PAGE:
Exhibited at a meeting of the Historic Society of Lancashire and Cheshire. 'A bronze fibula, found at the Roman camp of Chesterton near Newcastle under Lyme.' (RH, 4-July-2016) <9>

Recent excavations (1892 or earlier) had produced no evidence of Roman occupation. (RH, 4-July-2016) <10>

Excavations at eight points inside the boundary of the north west area of the camp failed to produce any evidence of Roman occupation. (RH, 4-July-2016) <11>

"The rectangular enclosure, twenty acres in extent, at Chesterton has long been regarded as a Roman site, but no definite evidence has hitherto been forthcoming. In June 1933 a part of the rampart immediately west of the north angle was levelled by the farmer for the purpose of erecting a shed, and a layer of red clay containing potsherds and charcoal was encountered. A rubbish pit was also discovered containing pottery of Favian date, together with a small bead weight, weighing 40 grains" (RH, 4-July-2016) <12>

Excavation and observations were made on the site at Chesterton in two distinct areas. A) At a point 19yds west of the western corner of Old Hall farm. An area 15' x 15' was excavated and the remains of a pit and a small hearth was found. Potter fragments, a pipe clay Venus and a glass bead were found. B, The site of a school. Pottery and a fragment of a bronze bell were found during levelling for the school building. These occurred in that was probably an occupation area. (RH, 4-July-2016) <13>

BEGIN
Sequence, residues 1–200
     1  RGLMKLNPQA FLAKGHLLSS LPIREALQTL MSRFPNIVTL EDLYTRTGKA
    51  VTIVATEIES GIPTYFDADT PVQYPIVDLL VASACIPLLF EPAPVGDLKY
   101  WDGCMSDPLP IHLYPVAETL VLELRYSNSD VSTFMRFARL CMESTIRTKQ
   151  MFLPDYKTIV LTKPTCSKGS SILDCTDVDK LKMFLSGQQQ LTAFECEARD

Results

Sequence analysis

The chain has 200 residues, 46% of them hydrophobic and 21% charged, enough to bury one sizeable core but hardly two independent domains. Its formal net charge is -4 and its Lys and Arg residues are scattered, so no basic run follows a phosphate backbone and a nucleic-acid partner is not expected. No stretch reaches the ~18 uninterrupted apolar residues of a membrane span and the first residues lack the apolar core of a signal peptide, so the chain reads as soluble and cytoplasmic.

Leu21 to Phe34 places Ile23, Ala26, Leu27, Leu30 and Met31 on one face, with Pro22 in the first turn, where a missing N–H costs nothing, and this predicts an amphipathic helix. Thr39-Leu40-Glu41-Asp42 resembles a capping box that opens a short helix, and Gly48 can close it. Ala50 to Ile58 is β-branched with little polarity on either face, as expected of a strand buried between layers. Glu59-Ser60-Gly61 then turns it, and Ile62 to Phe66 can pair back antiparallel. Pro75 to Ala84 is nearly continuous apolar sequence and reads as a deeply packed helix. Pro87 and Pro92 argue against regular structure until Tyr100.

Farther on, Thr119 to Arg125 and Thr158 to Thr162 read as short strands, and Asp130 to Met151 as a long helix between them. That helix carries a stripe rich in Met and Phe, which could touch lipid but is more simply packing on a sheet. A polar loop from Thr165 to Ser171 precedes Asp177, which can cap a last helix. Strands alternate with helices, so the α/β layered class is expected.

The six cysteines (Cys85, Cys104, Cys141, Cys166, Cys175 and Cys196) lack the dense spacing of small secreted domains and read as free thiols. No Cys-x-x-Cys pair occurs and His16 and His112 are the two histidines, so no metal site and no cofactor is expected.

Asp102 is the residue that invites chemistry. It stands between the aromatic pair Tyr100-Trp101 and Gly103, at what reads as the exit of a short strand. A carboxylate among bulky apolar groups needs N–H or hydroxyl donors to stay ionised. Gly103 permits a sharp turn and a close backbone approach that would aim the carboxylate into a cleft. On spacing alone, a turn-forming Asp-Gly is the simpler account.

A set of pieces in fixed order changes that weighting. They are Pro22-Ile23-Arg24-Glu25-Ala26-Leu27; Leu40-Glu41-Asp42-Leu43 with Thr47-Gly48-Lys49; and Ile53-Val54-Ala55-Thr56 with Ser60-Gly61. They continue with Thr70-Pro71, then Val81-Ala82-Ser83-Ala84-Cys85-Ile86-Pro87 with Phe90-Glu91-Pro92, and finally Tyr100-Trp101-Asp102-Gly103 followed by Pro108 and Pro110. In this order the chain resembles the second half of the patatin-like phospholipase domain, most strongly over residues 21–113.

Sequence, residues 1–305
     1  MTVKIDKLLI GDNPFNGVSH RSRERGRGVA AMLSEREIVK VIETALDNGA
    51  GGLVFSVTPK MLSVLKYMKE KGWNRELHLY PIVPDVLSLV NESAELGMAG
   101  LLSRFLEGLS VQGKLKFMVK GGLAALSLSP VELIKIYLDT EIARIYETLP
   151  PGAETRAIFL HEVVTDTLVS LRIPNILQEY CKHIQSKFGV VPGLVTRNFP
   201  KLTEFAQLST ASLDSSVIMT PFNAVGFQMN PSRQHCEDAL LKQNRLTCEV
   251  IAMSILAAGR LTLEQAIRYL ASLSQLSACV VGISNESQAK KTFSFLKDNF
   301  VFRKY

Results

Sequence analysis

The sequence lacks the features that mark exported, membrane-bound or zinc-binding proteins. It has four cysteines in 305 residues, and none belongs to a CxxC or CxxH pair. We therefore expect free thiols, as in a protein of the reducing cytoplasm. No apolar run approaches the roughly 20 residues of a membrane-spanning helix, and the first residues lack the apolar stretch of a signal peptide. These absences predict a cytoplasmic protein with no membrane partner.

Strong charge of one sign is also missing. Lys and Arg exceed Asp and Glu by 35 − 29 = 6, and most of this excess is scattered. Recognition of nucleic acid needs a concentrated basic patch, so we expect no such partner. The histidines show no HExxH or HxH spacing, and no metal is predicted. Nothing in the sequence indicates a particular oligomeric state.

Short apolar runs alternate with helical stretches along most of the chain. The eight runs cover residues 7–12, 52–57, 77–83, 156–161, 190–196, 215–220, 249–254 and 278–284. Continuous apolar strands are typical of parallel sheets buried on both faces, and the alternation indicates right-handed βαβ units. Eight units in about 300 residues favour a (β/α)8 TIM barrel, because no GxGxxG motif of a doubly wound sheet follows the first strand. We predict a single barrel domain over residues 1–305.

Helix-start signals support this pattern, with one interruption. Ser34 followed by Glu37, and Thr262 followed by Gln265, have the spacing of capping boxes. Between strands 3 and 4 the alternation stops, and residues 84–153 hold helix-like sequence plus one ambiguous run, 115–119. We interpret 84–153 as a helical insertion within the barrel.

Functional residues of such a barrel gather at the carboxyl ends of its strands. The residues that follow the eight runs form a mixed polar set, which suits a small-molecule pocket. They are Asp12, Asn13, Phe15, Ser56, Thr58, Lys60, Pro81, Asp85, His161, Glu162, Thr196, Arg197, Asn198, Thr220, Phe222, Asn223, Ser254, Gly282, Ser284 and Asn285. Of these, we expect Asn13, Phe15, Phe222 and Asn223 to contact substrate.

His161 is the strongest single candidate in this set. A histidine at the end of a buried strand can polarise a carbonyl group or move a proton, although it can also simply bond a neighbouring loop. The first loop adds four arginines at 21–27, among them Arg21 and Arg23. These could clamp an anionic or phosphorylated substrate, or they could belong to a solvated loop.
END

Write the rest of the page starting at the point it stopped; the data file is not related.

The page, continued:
Sources and further reading

---SST2439 - Descriptive text: Michael J Jones. 1975. 'Roman fort-defences to AD 117, with special reference to Britain' British Archaeological Reports (British Series) 21. Page 143.
<1>SST286 - Index: Stoke-on-Trent City Museum Field Archaeology Unit. Card Index (Stoke-on-Trent City Museum Field Archaeology Unit).
<2>SST3636 - Published Book: The Victoria History of the Counties of England. 1908. (VCH volume 1) A History of the County of Stafford, Volume I. Pages 189-190.
<3>SST2033 - Serial: University of Keele. 1964. North Staffordshire Journal of Field Studies Volume 4 (1964). 'An Archaeological Gazetteer of Staffordshire: Part ' by A.J.H. Gunstone - page 30 - Newcastle.
<4>SST3709 - Written: University of Keele. 1970. North Staffordshire Journal of Field Studies Volume 10 (1970). 'The Roman Fort at Chesterton, Newcastle-under-Lyme' by F.H. Goodyear (Pages 103-105).
<5>SST3358 - Evaluation Report: Noel Boothroyd (Stoke-on-Trent Museum Archaeology Unit). 1996. Archaeological Evaluation at Chesterton High School, Newcastle-under-Lyme, Staffordshire. Page 5.
<6>SST3442 - Evaluation Report: Gary Coates (Birmingham University Field Archaeology Unit). 1998. Mount Pleasant, Chesterton, Newcastle-under-Lyme: An Archaeological Evaluation 1998. Page 4.
<7>SST3819 - Watching Brief Report: John Halstead (Birmingham University Field Archaeology Unit). 2000. An Archaeological Watching Brief at Mount Pleasant, Chesterton, Newcastle-under-Lyme, Staffordshire.. Page 2.
<8>SST2193 - Serial: Council for British Archaeology West Midlands (J. Gask - Editor). 1969. West Midlands Archaeological News Sheet Number 12 (1969). 'Chesterton Roman Fort, Staffs' by Frank Goodyear (Keele and Newcastle Arch. Soc.) - Pages 25-26.
<9>SST3824 - Index: Keele University. Keele University Card Index. SJ 84/2 (Historical Society of Lancashire and Cheshire, V, 1852, 1852,99).
<10>SST3824 - Index: Keele University. Keele University Card Index. SJ 84/2 (North Staffordshire Field Club, XXVI, 1892, 139/40).
<11>SST3824 - Index: Keele University. Keele University Card Index. SJ 84/2 (North Staffordshire Field Club, IX, 1925/6, 184/5, T.Pape).
<12>SST3824 - Index: Keele University. Keele University Card Index. SJ 84/2 (Multiple sources, refer to card).
<13>SST3824 - Index: Keele University. Keele University Card Index. SJ 84/2 (North Staffordshire Field Club, XCI, 1957, 96).